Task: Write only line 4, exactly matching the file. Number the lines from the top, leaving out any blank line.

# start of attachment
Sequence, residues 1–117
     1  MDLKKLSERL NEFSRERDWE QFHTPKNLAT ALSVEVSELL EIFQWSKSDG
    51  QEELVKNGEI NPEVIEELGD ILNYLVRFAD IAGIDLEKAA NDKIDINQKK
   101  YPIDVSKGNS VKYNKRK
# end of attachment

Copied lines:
   101  YPIDVSKGNS VKYNKRK